“…and today we are talking about a rip van winkle for the ages. But more on that later.”
What if you could talk to someone from thousands of years ago? What could they tell you about the world and what it was like to navigate through it? Researchers in Siberia are asking similar questions. Unfortunately, the one with the answers is a tiny animal called a rotifer, and it doesn’t know how to talk. Sometimes, not even eons on ice can snuff out Life, Death, and Taxonomy.
Description of the Bdelloid Rottifer
- These are animals in the loosest sense of the definition – basically plankton
- They have around 1000 cells – to put that in perspective, we have 28-36 trillion
- You can only see it with a microscope but it looks like a clear pregnant slug or a ghost in its last seconds before Luigi slurps it up in his ghost sucker.
- Most bdelloids are made up of three distinct regions: a head (rounded), a trunk (distended), and a foot (tail), but those in the genus Adineta lack a foot and instead it tapers down to a tail
Welcome to the beloved Measure Up segment. The official listener’s favorite part of the show! The part of the show when we present the animal’s size and dimension in relatable terms through a quiz that’s fun for the whole family. It’s also the part of the show that’s introduced by you when you send in audio of yourself saying, singing, or chittering the words Measure Up into ldtaxonomy at gmail dot com. We don’t have a new Measure Up intro!
- 150 and 700 µm
- How many Rotifers go into the height of a rottweiler?
- Hint: A rottweiler is fully grown around the two year mark. It is considered to be one of the oldest surviving dog breeds with roots that date back to the Romans. They are said to have accompanied the legion as they crossed the alps.
- 985.7 rotifers, Rottweilers are about 69 cm (2.2 feet)
- 450 described species
- How many rotifer classes go into the total number of high school graduates in 2020.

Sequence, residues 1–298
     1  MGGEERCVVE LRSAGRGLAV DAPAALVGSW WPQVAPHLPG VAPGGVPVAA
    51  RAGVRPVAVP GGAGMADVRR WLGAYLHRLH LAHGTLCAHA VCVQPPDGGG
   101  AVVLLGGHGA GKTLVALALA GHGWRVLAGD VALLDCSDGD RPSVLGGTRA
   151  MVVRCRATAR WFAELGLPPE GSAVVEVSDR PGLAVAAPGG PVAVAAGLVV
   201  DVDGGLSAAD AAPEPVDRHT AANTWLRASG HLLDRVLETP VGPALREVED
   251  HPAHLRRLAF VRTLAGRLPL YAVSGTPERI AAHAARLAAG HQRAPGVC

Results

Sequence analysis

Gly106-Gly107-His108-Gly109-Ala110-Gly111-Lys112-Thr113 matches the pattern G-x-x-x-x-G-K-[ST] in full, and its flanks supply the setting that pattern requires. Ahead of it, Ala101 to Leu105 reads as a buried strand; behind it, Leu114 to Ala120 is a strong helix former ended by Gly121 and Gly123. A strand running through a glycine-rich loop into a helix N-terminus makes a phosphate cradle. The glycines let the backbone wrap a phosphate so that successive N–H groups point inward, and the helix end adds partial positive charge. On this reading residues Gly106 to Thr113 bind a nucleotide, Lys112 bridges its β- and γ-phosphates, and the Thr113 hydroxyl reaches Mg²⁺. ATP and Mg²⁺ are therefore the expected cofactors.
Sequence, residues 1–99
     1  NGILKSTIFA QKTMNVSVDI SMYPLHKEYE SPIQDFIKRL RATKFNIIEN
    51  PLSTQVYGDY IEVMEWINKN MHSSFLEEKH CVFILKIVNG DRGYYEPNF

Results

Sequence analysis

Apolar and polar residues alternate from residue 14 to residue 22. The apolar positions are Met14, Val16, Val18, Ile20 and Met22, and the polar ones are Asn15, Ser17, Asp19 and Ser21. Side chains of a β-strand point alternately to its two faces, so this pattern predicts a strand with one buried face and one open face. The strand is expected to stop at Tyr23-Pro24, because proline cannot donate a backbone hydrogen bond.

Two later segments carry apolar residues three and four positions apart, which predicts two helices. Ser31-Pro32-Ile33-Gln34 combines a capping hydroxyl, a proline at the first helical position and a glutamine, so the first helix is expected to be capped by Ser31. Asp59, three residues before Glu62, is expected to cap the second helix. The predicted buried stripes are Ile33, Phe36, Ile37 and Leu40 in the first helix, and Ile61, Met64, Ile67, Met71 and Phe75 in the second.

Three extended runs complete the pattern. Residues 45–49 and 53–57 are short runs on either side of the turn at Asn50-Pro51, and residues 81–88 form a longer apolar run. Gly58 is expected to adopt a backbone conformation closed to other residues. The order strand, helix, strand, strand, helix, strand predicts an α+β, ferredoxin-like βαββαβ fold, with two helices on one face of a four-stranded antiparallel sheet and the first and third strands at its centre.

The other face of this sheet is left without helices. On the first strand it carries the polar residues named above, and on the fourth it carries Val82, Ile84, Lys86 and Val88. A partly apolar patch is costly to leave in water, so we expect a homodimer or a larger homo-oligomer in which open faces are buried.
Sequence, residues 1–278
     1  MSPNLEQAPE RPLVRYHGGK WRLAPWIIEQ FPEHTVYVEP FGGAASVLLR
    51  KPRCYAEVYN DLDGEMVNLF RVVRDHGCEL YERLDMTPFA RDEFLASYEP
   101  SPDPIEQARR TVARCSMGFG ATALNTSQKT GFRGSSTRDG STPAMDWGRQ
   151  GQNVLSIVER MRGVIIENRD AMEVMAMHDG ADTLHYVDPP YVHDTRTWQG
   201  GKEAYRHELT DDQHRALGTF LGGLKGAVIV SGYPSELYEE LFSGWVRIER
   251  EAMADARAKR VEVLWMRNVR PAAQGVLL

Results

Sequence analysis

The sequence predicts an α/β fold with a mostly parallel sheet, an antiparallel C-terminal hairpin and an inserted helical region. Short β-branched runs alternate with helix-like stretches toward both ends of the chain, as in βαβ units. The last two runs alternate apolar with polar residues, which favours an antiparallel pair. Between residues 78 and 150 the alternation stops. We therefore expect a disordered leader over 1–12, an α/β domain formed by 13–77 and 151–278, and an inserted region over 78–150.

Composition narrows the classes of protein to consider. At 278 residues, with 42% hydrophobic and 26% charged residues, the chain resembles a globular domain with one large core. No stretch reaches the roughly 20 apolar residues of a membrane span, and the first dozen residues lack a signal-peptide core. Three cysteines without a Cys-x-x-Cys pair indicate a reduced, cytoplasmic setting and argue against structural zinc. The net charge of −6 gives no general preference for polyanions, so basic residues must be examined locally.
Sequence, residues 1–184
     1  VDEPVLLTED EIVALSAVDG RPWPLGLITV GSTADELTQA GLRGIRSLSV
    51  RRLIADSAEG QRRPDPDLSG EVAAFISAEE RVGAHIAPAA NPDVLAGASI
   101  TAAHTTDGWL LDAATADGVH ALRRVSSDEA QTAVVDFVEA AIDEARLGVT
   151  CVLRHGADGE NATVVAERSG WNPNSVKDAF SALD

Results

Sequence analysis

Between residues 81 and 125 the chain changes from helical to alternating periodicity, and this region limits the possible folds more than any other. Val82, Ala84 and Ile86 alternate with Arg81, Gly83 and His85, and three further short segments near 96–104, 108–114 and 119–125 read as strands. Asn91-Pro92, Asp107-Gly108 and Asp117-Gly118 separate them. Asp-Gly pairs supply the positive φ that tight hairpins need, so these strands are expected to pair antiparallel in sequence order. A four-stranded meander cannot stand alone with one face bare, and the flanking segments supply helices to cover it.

- Hint: There were three million high school graduates in the US in 1980. Montana has the highest graduation rates.
- 8,000 rotifer classes. There were 3.6 million students in 2020.
Fast Facts about Bdelloid Rotifers
- Range: lives in freshwater habitats all over the world
- Diet: eats bacteria, algae, and detritus by creating tiny currents of water around its mouth using tiny hairs called cilia. These currents bring food down into a grinding organ (like the monkey) called the mastax.
- They are free swimming, but they can also slide if they come into contact with a solid surface. Most rotifers would use the inchworm method since they have a foot. Some rotifers can’t move at all.
- There are no males, only females
- They reproduce through parthenogensis, which means that embryos can develop without being fertilized.
- One species A. vega, can actually repair its DNA using a complicated process involving its cells. Here is a sentence that exists about it: “Germline DNA repair occurs in a specific period of oogenesis during which homologous chromosomes take on a meiotic-like juxtaposed configuration.”
Major Fact: Millennial Thaw
Tardigrades are known to be tough tiny titans, they’ve even been revived after being frozen for 30 years.
However, our friend the rotifer beat that record by millennia. In 2021, researchers in the arctic took a core sample that was dated to be 24,000 years old with accelerator mass spectrometry, which means that they electrocuted the ice and shot it past magnets until it gave in and told them its age.
They thawed out rotifers that were frozen in the ice for 24,000 years.
The rotifers go into a state called cryptobiosis, which is as close to a stopped metabolism that you can get without dying.
Defrosted rotifers were able to move around, eat, and even reproduce.
Freezing something helps to avoid decay, but it presents another problem: ice crystals. Ice crystals are sharp, fractal-like crystal structures that form when something freezes. You can see them form if you look up a video of a bubble freezing.
These crystals tend to destroy cells and animal tissue, which is why we can’t thaw out people and dinosaurs that we find in ice. The rotifers, however, avoid the damaging effect of ice crystals.
The research paper speculates that they must have some, “biochemical mechanisms of organ and cell shielding necessary to survive low temperatures.”
It was previously thought that extremely long-term cryptobiosis would be impossible for multi-celled organisms, so your dreams of being Demolition Man were dim.
But new research into rotifers and certain nematodes that can be frozen for 32,000 years, has revealed even complex organisms can be frozen and thawed. Researchers are even using these organisms to learn how we might be able to cryogenically preserve human cells, tissues, and organs.
Ending: So keep those cilia moving, sleep for 24,000 years, and work on the meiotic juxtaposed configuration of your homologous chromosomes like the bdelloid rotifer here in LDT.